The Courier-Journal from Louisville, Kentucky on May 18, 1965 · Page 16
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The Courier-Journal from Louisville, Kentucky · Page 16

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Louisville, Kentucky
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Tuesday, May 18, 1965
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Page 16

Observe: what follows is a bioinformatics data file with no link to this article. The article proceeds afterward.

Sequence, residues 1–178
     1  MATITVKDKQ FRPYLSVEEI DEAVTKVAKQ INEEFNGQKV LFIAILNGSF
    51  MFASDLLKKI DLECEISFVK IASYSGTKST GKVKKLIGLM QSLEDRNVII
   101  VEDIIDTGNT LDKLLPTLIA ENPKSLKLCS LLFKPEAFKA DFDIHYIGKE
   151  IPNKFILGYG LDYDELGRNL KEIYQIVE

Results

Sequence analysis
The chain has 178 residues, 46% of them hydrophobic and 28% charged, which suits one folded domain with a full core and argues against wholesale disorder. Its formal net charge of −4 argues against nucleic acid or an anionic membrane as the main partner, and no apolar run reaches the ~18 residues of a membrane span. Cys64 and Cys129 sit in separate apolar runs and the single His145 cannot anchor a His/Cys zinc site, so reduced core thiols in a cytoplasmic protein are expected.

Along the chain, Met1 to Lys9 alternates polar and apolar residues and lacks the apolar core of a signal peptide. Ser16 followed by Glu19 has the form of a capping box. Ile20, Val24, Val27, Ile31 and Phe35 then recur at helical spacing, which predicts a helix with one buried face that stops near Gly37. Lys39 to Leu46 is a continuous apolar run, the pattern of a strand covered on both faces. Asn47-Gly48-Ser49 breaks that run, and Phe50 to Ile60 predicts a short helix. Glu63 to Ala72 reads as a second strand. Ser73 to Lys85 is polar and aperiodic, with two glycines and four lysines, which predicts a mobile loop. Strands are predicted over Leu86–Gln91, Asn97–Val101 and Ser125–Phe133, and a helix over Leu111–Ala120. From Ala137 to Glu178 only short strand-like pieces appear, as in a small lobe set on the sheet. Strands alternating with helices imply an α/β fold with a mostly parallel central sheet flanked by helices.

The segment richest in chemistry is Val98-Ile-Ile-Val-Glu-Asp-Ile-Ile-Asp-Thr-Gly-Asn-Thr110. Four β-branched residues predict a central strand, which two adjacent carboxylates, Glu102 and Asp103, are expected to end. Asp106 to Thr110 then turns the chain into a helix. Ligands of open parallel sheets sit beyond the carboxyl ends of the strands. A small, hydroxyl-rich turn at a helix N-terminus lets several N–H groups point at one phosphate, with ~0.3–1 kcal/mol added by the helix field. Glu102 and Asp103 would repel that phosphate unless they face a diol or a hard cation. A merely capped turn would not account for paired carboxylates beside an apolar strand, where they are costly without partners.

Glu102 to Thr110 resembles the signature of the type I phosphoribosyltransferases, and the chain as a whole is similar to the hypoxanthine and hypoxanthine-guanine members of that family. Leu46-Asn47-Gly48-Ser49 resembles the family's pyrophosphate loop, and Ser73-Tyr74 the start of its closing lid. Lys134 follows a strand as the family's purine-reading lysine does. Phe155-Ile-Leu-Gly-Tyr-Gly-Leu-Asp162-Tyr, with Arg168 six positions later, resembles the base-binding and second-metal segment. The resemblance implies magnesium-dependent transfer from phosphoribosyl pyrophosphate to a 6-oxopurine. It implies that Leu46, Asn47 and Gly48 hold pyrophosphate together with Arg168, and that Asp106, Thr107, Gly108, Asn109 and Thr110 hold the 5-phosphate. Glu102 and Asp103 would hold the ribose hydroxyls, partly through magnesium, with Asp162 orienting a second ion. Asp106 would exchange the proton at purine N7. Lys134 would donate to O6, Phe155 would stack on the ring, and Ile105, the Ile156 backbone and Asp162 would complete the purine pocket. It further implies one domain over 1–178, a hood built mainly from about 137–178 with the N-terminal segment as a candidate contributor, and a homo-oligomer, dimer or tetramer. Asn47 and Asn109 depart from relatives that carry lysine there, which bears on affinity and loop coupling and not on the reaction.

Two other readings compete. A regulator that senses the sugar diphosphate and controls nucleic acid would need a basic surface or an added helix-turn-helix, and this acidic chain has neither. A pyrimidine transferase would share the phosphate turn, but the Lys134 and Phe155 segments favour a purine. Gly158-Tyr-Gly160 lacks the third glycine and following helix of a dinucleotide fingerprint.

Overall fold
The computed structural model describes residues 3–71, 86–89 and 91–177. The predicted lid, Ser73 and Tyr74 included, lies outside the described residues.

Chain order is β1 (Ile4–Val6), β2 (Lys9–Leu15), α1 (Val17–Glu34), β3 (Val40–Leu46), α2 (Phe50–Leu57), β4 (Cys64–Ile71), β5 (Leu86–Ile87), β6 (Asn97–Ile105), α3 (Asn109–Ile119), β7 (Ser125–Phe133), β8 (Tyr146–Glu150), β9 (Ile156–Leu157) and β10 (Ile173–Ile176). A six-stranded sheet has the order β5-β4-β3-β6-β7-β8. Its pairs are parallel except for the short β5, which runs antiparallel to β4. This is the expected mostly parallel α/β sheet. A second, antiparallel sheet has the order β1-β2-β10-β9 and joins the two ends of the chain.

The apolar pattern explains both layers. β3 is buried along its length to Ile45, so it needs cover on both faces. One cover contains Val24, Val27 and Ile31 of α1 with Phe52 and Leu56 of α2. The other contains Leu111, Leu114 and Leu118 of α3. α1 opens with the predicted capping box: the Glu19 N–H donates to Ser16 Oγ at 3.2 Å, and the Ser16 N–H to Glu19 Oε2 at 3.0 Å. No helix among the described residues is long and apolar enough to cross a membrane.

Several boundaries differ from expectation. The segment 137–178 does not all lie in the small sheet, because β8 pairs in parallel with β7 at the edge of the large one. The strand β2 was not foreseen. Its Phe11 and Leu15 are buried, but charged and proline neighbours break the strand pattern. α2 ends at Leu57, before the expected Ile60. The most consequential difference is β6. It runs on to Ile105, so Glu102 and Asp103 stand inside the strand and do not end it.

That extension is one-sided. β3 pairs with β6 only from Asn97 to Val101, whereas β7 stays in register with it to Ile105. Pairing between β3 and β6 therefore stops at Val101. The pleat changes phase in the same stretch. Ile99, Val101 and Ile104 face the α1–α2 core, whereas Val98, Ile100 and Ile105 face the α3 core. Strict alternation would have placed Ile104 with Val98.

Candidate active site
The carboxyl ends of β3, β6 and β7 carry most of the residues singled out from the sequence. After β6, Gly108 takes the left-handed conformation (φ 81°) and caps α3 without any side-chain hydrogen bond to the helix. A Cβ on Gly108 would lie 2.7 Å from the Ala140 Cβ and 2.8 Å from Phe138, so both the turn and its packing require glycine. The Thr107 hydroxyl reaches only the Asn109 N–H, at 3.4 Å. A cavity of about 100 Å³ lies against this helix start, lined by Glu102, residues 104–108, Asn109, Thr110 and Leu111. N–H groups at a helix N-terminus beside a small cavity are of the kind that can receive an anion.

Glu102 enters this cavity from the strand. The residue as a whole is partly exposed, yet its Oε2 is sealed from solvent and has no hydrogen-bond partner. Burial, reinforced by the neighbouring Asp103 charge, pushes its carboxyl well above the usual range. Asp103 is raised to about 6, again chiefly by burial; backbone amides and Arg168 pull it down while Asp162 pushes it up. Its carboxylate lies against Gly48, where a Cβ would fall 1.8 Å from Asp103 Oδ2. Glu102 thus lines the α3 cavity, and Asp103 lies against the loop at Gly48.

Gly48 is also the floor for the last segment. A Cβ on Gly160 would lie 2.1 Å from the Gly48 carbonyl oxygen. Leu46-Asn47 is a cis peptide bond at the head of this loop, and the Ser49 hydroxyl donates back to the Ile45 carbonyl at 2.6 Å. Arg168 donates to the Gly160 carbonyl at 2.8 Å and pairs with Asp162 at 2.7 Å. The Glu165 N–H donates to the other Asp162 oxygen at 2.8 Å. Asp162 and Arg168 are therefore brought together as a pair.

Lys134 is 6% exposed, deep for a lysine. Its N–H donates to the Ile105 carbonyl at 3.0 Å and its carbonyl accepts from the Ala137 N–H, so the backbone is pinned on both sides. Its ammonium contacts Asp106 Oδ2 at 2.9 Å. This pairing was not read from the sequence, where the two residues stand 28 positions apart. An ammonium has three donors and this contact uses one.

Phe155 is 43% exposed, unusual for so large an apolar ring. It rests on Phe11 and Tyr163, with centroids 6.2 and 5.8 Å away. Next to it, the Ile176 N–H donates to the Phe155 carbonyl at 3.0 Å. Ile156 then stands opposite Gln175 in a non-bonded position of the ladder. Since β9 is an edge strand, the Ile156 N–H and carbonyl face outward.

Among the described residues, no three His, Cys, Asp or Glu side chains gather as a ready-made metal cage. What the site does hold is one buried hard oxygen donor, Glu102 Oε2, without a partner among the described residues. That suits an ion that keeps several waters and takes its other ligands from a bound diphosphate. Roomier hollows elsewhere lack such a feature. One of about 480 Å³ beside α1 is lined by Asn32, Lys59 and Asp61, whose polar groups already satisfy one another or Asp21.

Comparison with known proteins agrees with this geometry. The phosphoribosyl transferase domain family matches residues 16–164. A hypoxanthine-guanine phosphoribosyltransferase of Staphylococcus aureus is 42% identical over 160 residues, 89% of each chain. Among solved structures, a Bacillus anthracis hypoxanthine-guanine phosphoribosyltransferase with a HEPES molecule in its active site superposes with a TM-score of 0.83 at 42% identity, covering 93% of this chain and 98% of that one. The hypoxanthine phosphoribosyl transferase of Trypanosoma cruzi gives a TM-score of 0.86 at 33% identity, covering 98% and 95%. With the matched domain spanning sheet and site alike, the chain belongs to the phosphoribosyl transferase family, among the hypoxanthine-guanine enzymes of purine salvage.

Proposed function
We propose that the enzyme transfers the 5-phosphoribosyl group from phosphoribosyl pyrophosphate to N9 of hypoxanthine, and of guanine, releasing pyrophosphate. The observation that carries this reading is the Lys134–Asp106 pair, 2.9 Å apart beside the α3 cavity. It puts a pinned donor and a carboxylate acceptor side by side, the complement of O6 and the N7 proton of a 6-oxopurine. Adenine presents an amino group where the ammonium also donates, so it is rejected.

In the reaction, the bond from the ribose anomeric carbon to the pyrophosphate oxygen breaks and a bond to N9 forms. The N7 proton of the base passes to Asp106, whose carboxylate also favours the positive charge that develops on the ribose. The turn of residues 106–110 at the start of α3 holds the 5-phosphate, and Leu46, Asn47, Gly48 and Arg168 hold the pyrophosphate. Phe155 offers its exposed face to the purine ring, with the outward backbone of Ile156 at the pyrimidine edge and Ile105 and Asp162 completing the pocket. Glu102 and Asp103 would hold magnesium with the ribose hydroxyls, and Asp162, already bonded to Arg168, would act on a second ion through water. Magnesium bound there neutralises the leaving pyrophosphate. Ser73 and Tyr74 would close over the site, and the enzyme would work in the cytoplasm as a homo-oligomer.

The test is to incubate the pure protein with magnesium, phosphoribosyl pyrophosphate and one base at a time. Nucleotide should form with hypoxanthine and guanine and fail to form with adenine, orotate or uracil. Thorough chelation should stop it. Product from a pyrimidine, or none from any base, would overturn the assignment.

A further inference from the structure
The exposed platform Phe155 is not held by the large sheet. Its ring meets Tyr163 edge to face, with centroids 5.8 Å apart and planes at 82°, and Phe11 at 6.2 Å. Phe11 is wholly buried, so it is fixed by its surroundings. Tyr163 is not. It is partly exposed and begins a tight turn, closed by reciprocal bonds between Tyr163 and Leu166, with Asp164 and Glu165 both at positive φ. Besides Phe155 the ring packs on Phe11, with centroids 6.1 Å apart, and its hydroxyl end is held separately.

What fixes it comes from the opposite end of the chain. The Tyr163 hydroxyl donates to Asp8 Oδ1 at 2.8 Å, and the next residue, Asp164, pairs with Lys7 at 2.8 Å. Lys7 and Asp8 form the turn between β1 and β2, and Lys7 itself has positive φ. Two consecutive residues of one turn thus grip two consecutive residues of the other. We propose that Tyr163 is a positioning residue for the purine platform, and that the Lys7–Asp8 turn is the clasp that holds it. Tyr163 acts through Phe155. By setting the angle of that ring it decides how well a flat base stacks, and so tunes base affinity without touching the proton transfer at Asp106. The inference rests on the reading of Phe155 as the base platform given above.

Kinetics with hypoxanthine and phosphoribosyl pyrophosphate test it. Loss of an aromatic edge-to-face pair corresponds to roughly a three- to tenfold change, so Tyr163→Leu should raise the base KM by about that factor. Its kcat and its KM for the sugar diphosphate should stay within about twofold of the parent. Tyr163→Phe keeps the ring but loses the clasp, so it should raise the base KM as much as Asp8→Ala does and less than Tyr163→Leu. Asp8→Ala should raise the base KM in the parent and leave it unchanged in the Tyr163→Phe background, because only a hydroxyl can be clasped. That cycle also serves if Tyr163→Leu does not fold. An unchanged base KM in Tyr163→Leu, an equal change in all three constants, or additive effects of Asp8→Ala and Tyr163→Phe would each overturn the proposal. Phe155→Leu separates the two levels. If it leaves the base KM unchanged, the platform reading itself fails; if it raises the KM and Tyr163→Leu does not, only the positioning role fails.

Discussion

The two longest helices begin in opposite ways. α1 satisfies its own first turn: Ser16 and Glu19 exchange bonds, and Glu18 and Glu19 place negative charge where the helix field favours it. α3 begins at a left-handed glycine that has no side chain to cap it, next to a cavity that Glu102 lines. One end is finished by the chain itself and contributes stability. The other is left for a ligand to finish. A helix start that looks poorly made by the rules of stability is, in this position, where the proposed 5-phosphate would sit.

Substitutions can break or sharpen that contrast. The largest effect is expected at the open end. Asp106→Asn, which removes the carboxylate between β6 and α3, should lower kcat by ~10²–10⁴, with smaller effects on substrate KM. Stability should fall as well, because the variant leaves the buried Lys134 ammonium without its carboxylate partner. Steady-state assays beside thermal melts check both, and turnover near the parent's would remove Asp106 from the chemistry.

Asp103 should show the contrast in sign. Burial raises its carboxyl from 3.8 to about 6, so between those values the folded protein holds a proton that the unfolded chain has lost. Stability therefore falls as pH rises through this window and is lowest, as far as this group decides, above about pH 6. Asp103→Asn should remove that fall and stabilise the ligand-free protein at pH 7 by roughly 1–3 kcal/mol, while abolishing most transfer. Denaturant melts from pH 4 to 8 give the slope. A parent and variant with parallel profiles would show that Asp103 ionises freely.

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SECTION 1 16 THE COURIERJOURNAL, LOUISVILLE, KY., TUESDAY MORNING, MAY 13, 196r Businessmen Laud LBJPs Excise Cuts Continued from First Page Immediate reduction from 10 in 7 npr pent in the excise a sookesman said, "We expect tax on new cars. He asked that these proposed excise tax tnat after two additional 1 per reductions will be passed aiong cent cut in 1966 and 1U07, to the consumer." the remaining 5 per cent tax A spokesman for the Elec- on new cars, or about $115 tronics Industry Association on the average car, be made said in Washington that on me n-rrnanent. basis of past performance the jt appeared likely that the chances lor price reaucuons 10 pian to retain naif tne auto the consumer would be very mobiie excise tax would be rrwiH nm nn nf the most contrO' Retailers generally agreed versjai features of the excise that lifting the excise tax leviea tax program. at the retail level on hand- Rep Martha Griffiths, D-bags, luggage, toilet articles, Micn ( immediately announced jewelry and furs would result gne wouid press for complete in lower prices to the con- repeai 0f the automobile tax. sumer. . she is a member of the House Allan Jackson, a vice presi- Ways and Cleans Committee, dent of Saks Fifth Avenue de- Asjde from the automobile partment store in New York, tax tne excise taxes on most said the tax elimination would other expensive products have a "pyramiding effect, tj0ugnt by consumers would be inducing more people to buy repealed outright on July 1. more of everything in stores. propose(i for complete repeal The auto industry had hoped on that date were taxes on all for outright repeal of the 10 electrical, gas and oil appli-per cent tax on new cars. ances; musical instruments; Johnson recommended reduc- phonograph records; cameras; tion gradually to 5 per cent radio and television sets; re-by Jan. 1, 1967. frigerators and freezers; air Donald C. Burdette, regional conditioners, and a number of sales manager for Ford m smaner items. Most of these Kansas City, said he believes are now taxed at 5 per cent and the total amount of the savings a few at 10 per cent, will be passed on to buyers. As promised by the President Johnson asked Congress yes- months ago, the 10 per cent terday to approve the tax cut tax imposed by retailers on cos-"without undue delay." metics and toiletries, jewelry, . furs, luggage and leather goods ' Controversy Begins was also included for repeal He called for a cut of $3.5 this year-billion in two equal stages The proposals include a re- effective this July 1 and next auction Jan. l trom iu per ceni Jan. 1, and further reductions to 3 per cent on local and long of $464 million by 1970. This distance telephone and teletype would bring the total to service. The remainder of this $3,964,000,000. tax would be repealed in 1 per The President proposed an cent stages over the following ' three years. Among the taxes scheduled for outright repeal next year are those on telegraph service, admissions, cabarets, club dues, and on automobile (but not truck) replacement parts and accessories. t4Wl) - . j ssv wf Ultralight Guard On HUH In Dallas Continued from First Page presidential cam- Johnson's paign. Johnson has not been back o.th of off. the- afternoon -ent plane for Washington of Nov. 22, 1963, after Lee Harvey Oswald shot Kennedy. Secret Service, instead of taking him to a commercial plane terminal, drove him across the field to a private plane terminal. There he boarded a 10-passenger govern- Shadow 'So Obvious House Seeking Its Own Level Associated Prtsi Wirephoto A SINKING FEELING was experienced by residents of this house at Cassleberry, Fla., when the ground under it gave way early in the morning. Houses near it were damaged, as the one on the far side with a wall nearly split off. The cave-in was blamed on dry weather, which caused underground caverns to run dry and their walls to collapse. Imbert Junta Rejects U.S. Peace Plan '-Triumphant Neal: 'Back In A Year' Continued from First Page liked, and of course I remember seeing my husband's face." The Dahls and their three children, Ophelia, 1, Theo and Tessa, 8, accompanied by a nurse, Sheena Burt, and an English friend, Angela Kirwan, flew to Washington en route to their home in Great Missen-den, Buckinghamshire, about 30 miles from London. The trip will be broken by a stay with a friend in Washington for a few days. During the news conference Dahl answered many of the questions. He said his wife is recovering faster than the most optimistic of doctors had hoped. Forgets Children's Names "She could walk now without the brace," said Dahl, "but the muscle of her right ankle is still weak so she'll probably wear it another month. "At first her right arm and her right hand were weak, but slowly they have come back so that she can use them. "The doctors consider it all very swift." Dahl said his wife occasionally forgets words "sometimes even the names of her children." "But," he added, "that happens less and less frequently. For some reason, she can carry on a perfect conversation on the telephone, without ever having to grope for a word. "As much as we enjoy America, I think her recovery in England' will be even more rapid. She will be more settled there and where we live it is very quiet." A newsman asked if the news conference had made her nervous. She replied: "No, it has not made me nervous. It has made me strong and happy." Users Taxes Up The cut scheduled to take place this summer would, however, be partially offset by increases in taxes totalling $400 million on highway, airway and inland waterway users. The tax increases would be imposed on deisel fuel, large trucks, tread rubber, air freight, aviation gas and jet fuel, and gasoline used in boats and ships that use the inland waterways system. Administration officials said that if the tax cuts are approved, the federal budget for the coming 1966 fiscal year will shape up like this: Revenues $95.4 billion. Spending $99.7 billion. Deficit $4.3 billion. Johnson said federal revenues will grow, not shrink, as a result of the tax cuts. This, he said, is because excise tax cuts like last year's $11.5 billion income tax reduction "will stimulate total demand in the economy and serve to increase tax production and incomes by far greater amounts than the cost of the tax reduction itself." Still in effect if Johnson's program is approved would be about $11.3 billion in excise taxes. More than $6 billion of this total would come from alcohol and tobacco taxes which he did not ask be re duced. Tons Of Mercury Stolen- Newark, N. J. (UPI) More than 23 tons of mercury, worth $335,000, was stolen from a warehouse during the weekend, it was discovered yesterday. The burglars cut through a lock on the heavy chain link fence and then entered the four-story building through a basement window. Continued from First Page agriculture before the ouster of President Juan Bosch, would serve as president of the Dominican Republic until December, 1966. A successor would then be chosen in a regularly scheduled election, Szulc wrote. Szulc reported that Guzman returned Sunday from a secret trip to Washington and was busy yesterday organizing a government. Asked about the reported Guzman agreement, Caamano said: "I know nothing about this. I cannot answer a purely hypothetical question based on something I know nothing about." Caamano, the rebels' provisional president, also denied he had any contact with Bundy or any other U.S. envoys' but added that a meeting was possible soon. "I want to tell you that I am very optimistic at this time," Caamano said in a statement to newsmen. "I hope that in a few hours there will be a final victory for the constitutionalists and peace in the Dominican government." "The victory I'm talking about," he explained, "is a complete victory in both military and political aspects." This seemed to eliminate any possibility of a coalition government. Imbert said yesterday that the White House mission mentioned the Guzman plan as a possible solution to the three-week-old Dominican conflict. Imbert Raps Guzman "I told them," Imbert said, "that if they wanted to turn the country over to communism we would have no part of it." Imbert described Guzman as a "Bosch puppet." Caamano did not dispute the junta's claims that its forces had advanced five or six blocks in bitter fighting in the northern suburbs in 24 hours. He said the rebels had never set up permanent positions in this area. Some 300 crack troops from the armed forces training center at San Isidro Air Base outside the city joined the battle. Imbert and the junta appeared to turn a deaf ear to mission's peace ap- public part of an Organization period ending Sunday midnight. the U.S. peal. "I made it clear," Imbert added, "we would continue fighting for the same objective even if it meant the American troops would have to be turned against us." He also reminded the Americans, the general added, that the Dominican armed forces "were solidly behind the junta." Imbert said he rejected a call by the OAS truce commission for a cease-fire north of the American supply corridor. He said to do so would give the rebels a chance to regroup and would "defy public opinion" which, he said, favors a clean-up of the area. (In Washington it was learned that the United States has formally promised to make its troops in the Dominican Re- Must A Red Admit It? Supreme Court To Decide Continued from First Page a lower court's ruling that party leaders could not be forced to sign. By signing, the argument goes, they would be ful filling one law but risking pros- was "inland water" the state. This would have given California submerged lands extending more than 50 miles out, past the islands of Catahna, ecution under another which San Clemente and San Miguel, outlaws advocacy of violent That was what Congress in-overthrow of the government. tended to do in the Submerged In another brief order yes- Lands Act jl 1953, dissenting ceedings in Chicago so the owned by for telling him they wanted a change of venue for their clients because they considered the judge biased. Two Test Registry Law The court agreed to consider hearing arguments on whether to halt federal pro- terday the court agreed to hear Justice Hugo Black argued. He arguments next term on an- was joined by Justice William other long-burning issue: Does O. Douglas. a business violate the antitrust laws merely by being big? (Full story on Page 11, Section 2.) In other actions: v The court rejected California's claims to vast submerged oil resources between its southern coast and offshore islands. 50 Miles Of 'Inland Water The 5-2 decision gave California a three-mile belt of submerged land running along its coast and a three-mile belt running around each island. The state had contended that But Justice John Marshall Harlan, for the majority, set rules which coincide with those adopted last September by the 22-nation Convention of Territorial Seas. The United States accepts this as international law. This gives the contested land to the federal government, which has jurisdiction over the continental shelves. Chief Justice Earl Warren, who is from California, and Justice Tom C. Clark, from Texas, did not take part in the decision, which affects both states. The justices reversed, 8-1, the contempt convictions of two Norfolk, Va.. Neero lawyers. the three-mile belt should ex tend out into the Pacific from L. W. Holt and E. A. Dawley. (the far side of these islands They were fined $50 each bv fend that the area between the Circuit Judge Carleton E. Hoi- right against Islands and Southern California laday in Hopewell, Va., in 1952 incrimination. Illinois Supreme Court alone may supervise reapportionment of the state's senate. The Communist Party case involves appeals by William Albertson of Brooklyn, N.Y., and Roscoe Quincy Proctor of Oakland, Calif. The Justice Department said both had been elected members of the Com munist Party's national com mittee and their state Com munist organizations. Albertson was first ordered as an individual to register under the 1950 Subversive Activities Control Act, which says when , the Communist Party does hot register, then the members must register themselves. IH5 joint appeal with Proctor said that theirs is a test case and that 26 other persons had similarly been ordered to register. They all claim a possible self- Shame, James Agent 007 Denounced By Vatican Paper Vatican City MV-The Vatican daily L'Osservatore Romano, yesterday denounced the books featuring secret Agent 007. In a film-page commentary entitled "The James Bond Case," the Vatican newspaper said that hardly a single noted psychologist, sociologist, writer, journalist, literary critic or film critic has failed to speak of Agent 007 and it criticized them for not getting around to moral condemnations of author Ian Fleming's creation. At risk of passing as old- fashioned ... we find ourselves confronted with an authentic contraband of immortality," said the article. It called the Bond films "a dangerous mixture of violence, vulgarity, sadism and sex," and added: "Evil, presented in an alluring manner, has a very strong power of attraction on poor human nature weakened by original sin." Omaha Packer Drops Strike-Bound Plant Omaha iPi The board of directors of the Cudahy Packing Co. yesterday ordered th permanent closing of Cudahy's strike-bound plant here. The order was in a resolution that also specified that the plant be offered for sale or lease. The plant has been closed since April 8 by a dispute between the company and Local 60 of the United Packinghouse, Food and Allied Workers Union. The company had contended the dispute was an illegal strike. The union claimed it was a lockout. About 1,100 workers were in volved. Accused Israeli Spy Hanged By Syria Damascus, Syria (UPI) Israeli spy Eliaho Cohen was hanged in the city's main square before dawn today. His execution was witnessed by security police, newsmen and the five-man military court that sentenced) him to death 10 days ago. Cohen, 40, died after recit ing a Hebrew prayer. He wrote a message to his wif and three children, who live in Israel. Cohen, 40, was said to have admitted spying for Israel for three years. Laos Victors Honored Vientiane, Laos W Premier Prince Souvanna Phouma flew yesterday to Dong Hene, 225 miles southeast of Vientiane, and decorated 130 men for their part in a (battle last March in which royal Laotian forces crushed a Communist battalion. of American States OAS po lice force to restore peace. (Ellsworth Bunker, U.S. ambassador to the OAS, made public a letter dated Saturday that offered U.S. "military, naval and air forces presently in the Dominican Republic for the inter-American force set up by the hemispheric organization.) The junta offensive is aimed at wiping out rebel resistance in the largely industrial and slum area of northeastern Santo Domingo. It is estimated that 300 rebels are making last ditch stand against 1,500 junta soldiers. Rebels Get 2 Choices Imbert's forces established a line on the rebels' west and began pushing eastward. This flanking move left the rebels the choice of hiding their guns and trying to pass into the downtown area through a U.S. checkpoint on the east-west corridor or trying to get across the Ozama River and out of the city. U.S. troops patrol the river s west bank. U.S. paratroopers at the checkpoint carefully searched everyone for weapons. They held a dozen young men for questioning. Commodore Francisco J. Rivera Caminero, junta armed forces secretary, said his men had advanced six blocks since Sunday. The drive is proceeding slowly on a straight line to the east, he said, because we re carrying out a house-by-house search for weapons." Rivera Caminero said 11 armored units were in action, with 30 tanks in reserve. Heavy Casualties Reported Families abandoning the area continued to report heavy military and civilian casualties. Some bodies of civilians, including children, had been seen, but confirmation of the numbers was not possible. Meanwhile, action on the U.S. front diminished. A military spokesman reported 40 shooting incidents during the 24-hour 14 Living Iii Isle's Combat Zone Continued from First Page their escort in a jeep. There was sporadic gunfire. The babies remained quiet during the visit. Photographers asked the entire group to move into the patio for pictures. Heavy firing into the abandoned (Union) hotel next door sent everybody scurrying back into the house. Rebel spokesmen said 26 bodies had been taken out of the area since Saturday. Leaving the area, the escort jeep came under heavy fire. The newsmen in their taxi crouched on the floor. The snipers were not visible from the street. There are many rebel soldiers and armed civilians in the area. Women were cooking bananas over a wood stove when we arrived. The children were surprisingly quiet. There was no crying despite the crack and whistle of shots from rifles and machine guns. Some of the children were naked in typical Dominican fashion. A rebel stronghold is about a mile from the house under siege. In this area are 50 to 60 rebels. Even the armed rebels do not venture into the area where the 14 persons are isolated. The besieged group includes a 5-month-old baby and a 55-year-old grandmother. All the cinder-block bungalows in the block are empty except No. J 81, where the 14 people live. Four Americans were reported wounded. In Fort Worth Mrs. Oswald Newsmen Checked, Locked In said a man had followed her in a car when she left her When Humphrey arrived by apartment yesterday morning, commercial airliner the Love Tne damn f00j was s0 Field terminal was being obvious tnat iittle od me MrS-guarded by scores of police Marguerite Oswald, could spot ana aecici syivc "61-""' nim. Reporters were triple-checked for credentials and locked in . "I thought the man was go-a meeting room as Humphrey W to shoot me, or something deplaned. Then they were else. I m a nervous wreck, admitted to a news conference she sai( the man trailed her at which he repeated the for 40 minutes, stopping when administration stand on the sne stopped and often driving Dominican and Vietnamese to wjthin a few feet of her situations, Communist threats car and China's atomic bomb. ' She said she telephoned Like the airport, the Adol- Police chief Cato Hightower, Dhus' Hotel was swarming with whn tniA upr tw fih security men. At one time five uncjer surveillance but would policemen and two Secret not say who gave the order. Service agents were guarding the door to where Humphrey If he had said I was being and the others were eating, watched for my protection it Humphrey had been driven up wouldn't be so bad but an outside ramp to the second- under surveillance ... floor dining room. "I know Humphrey is in Twenty-five policemen on Dallas, and could that be the the ground, two on a roof reason, or have I been under and one in a window across surveillance all the time? the street guarded Humphrey's There's a difference in being exit from the hotel. He smiled protected and being under and waved to several hundred surveillance, people as he rode off in a From tne time president motorcade bristling with shot- Kennedy was "shot, this has Suns. i)een jjg a m0vie serial. So Back at Love Field the asinine, really." 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